Math 2 example statements

If you’re at a Math 2 level, you’ll prob­a­bly be fa­mil­iar with most or all of these sen­tences and for­mu­las, or you would be able to un­der­stand what they meant on a sur­face level if you were to look them up.

The quadratic for­mula states that the roots of ev­ery quadratic ex­pres­sion \(ax^2 + bx + c\) are equal to \(\displaystyle \frac{-b \pm \sqrt{b^2 - 4ac}}{2a}\). The ex­pres­sion un­der the square root, \(b^2 - 4ac\), is called the dis­crim­i­nant, and de­ter­mines how many roots there are in the equa­tion.

The imag­i­nary num­ber \(i\) is defined as the pri­mary root of the quadratic equa­tion \(x^2 + 1 = 0\).

To solve the sys­tem of lin­ear equa­tions \(\begin{matrix}ax + by = c \\ dx + ey = f\end{matrix}\) for \(x\) and \(y\), the value of \(x\) can be com­puted as \(\displaystyle \frac{bf - ce}{bd - ae}\).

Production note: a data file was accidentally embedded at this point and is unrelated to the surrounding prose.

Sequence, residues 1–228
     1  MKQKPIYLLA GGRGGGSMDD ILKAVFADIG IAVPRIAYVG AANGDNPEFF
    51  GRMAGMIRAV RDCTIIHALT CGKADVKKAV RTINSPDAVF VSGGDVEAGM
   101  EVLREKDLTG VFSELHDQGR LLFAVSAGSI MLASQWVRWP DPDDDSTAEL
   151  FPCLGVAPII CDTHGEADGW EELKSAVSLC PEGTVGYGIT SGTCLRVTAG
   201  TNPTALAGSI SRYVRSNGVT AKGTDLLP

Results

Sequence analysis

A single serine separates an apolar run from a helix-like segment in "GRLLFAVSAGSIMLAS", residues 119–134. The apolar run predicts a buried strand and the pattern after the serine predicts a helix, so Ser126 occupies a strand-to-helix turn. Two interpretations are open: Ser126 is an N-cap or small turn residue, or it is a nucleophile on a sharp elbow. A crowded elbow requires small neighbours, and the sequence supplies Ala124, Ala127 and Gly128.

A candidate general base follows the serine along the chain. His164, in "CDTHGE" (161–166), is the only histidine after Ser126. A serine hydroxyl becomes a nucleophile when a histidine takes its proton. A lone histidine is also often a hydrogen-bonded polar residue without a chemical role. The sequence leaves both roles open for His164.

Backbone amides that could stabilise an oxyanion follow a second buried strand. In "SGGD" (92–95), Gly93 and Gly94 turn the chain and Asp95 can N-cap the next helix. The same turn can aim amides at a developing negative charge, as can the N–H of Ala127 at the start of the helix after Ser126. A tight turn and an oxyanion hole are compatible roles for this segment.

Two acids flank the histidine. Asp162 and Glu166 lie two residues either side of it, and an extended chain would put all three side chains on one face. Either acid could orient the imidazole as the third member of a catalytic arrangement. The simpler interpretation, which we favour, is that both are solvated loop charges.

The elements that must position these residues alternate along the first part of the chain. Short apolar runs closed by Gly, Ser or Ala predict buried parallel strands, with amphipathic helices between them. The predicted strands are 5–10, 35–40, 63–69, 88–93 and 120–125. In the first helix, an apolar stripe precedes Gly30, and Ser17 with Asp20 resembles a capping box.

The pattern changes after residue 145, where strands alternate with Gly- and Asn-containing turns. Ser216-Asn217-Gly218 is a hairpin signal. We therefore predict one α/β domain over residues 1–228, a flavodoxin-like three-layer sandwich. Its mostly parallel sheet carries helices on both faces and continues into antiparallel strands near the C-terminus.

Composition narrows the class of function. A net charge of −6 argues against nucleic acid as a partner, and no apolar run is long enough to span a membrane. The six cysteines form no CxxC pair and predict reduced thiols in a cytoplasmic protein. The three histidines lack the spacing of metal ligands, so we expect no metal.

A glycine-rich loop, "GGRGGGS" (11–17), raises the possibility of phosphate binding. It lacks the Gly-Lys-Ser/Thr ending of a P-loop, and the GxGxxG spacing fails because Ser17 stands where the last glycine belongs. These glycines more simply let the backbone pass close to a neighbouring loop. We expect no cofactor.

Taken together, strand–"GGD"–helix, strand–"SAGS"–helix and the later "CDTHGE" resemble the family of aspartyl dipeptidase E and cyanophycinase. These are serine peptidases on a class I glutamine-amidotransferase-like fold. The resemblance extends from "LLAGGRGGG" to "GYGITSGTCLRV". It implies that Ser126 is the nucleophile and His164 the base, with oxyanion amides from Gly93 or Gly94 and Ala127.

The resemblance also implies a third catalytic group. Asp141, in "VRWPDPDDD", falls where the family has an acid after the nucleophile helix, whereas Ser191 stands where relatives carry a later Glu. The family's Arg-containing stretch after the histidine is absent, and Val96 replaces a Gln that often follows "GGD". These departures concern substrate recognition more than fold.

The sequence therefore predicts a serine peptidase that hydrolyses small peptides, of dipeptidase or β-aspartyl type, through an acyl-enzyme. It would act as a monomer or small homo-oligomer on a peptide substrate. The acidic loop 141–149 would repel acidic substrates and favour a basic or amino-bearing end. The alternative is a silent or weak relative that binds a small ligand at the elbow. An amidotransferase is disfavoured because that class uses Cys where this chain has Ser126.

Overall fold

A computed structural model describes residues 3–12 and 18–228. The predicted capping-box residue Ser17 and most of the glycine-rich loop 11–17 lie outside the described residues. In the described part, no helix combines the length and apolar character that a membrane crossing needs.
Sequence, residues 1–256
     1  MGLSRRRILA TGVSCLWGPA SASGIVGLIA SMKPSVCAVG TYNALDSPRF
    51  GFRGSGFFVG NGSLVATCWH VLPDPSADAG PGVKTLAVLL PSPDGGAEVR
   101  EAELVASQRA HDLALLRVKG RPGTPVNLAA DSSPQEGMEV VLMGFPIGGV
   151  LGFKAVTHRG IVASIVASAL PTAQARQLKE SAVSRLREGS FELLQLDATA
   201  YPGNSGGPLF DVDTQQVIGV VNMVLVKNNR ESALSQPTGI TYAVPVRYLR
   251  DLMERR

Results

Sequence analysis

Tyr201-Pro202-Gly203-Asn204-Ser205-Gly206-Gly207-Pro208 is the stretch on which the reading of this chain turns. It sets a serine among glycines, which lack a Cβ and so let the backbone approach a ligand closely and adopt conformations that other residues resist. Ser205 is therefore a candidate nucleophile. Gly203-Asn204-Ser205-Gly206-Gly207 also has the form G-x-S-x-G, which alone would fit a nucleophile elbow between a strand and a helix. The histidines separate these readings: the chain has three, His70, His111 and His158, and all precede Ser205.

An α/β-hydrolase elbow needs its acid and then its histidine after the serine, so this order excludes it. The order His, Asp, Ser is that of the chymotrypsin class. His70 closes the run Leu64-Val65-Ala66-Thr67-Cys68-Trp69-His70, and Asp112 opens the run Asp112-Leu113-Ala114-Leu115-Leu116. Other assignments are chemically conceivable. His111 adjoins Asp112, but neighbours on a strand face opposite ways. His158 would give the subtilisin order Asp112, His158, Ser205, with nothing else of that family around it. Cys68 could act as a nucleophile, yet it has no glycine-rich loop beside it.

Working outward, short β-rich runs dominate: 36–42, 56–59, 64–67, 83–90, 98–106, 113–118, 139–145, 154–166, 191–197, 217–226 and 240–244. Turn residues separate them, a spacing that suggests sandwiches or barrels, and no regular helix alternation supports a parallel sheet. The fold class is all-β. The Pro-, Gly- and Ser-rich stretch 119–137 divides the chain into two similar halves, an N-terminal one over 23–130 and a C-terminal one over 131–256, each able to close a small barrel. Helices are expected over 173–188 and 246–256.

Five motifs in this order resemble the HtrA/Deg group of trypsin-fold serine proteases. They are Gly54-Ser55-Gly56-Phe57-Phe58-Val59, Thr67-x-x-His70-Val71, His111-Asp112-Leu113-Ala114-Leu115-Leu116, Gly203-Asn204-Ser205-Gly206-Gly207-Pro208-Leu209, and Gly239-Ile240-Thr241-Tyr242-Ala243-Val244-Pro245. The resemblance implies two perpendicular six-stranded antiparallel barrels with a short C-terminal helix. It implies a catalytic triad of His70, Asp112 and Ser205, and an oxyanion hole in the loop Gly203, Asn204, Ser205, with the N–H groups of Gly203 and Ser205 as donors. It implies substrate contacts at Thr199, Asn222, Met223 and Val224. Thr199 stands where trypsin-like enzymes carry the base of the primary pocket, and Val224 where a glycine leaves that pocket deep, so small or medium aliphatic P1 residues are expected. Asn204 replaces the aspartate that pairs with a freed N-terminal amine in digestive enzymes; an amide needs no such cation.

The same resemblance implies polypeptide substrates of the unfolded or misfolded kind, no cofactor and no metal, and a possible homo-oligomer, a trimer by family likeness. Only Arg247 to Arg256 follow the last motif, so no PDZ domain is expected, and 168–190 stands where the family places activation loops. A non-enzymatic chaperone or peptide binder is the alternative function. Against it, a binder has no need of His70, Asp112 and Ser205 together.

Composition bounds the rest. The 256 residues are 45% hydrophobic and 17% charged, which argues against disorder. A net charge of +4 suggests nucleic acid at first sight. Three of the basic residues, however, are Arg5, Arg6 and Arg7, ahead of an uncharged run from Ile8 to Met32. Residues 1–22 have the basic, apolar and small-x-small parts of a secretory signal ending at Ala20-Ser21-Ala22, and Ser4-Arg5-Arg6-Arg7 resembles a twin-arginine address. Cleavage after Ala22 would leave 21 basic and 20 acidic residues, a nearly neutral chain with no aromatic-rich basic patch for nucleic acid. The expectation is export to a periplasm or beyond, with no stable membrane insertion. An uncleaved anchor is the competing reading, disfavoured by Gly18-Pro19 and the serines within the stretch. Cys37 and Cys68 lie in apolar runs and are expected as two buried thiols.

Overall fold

The power rule in calcu­lus states that \(\frac{d}{dx} x^n = nx^{n-1}\).

All the solu­tions to the equa­tion \(m^n = n^m\) where \(m < n\) are of the form \(m = (1 + \frac 1x)^x\) and \(n = (1 + \frac 1x)^{x+1}\), where \(x\) is any pos­i­tive real num­ber.

Parents:

  • Math 2

    Do you work with math on a fairly rou­tine ba­sis? Do you have lit­tle trou­ble grasp­ing ab­stract struc­tures and ideas?

    • Mathematics

      Math­e­mat­ics is the study of num­bers and other ideal ob­jects that can be de­scribed by ax­ioms.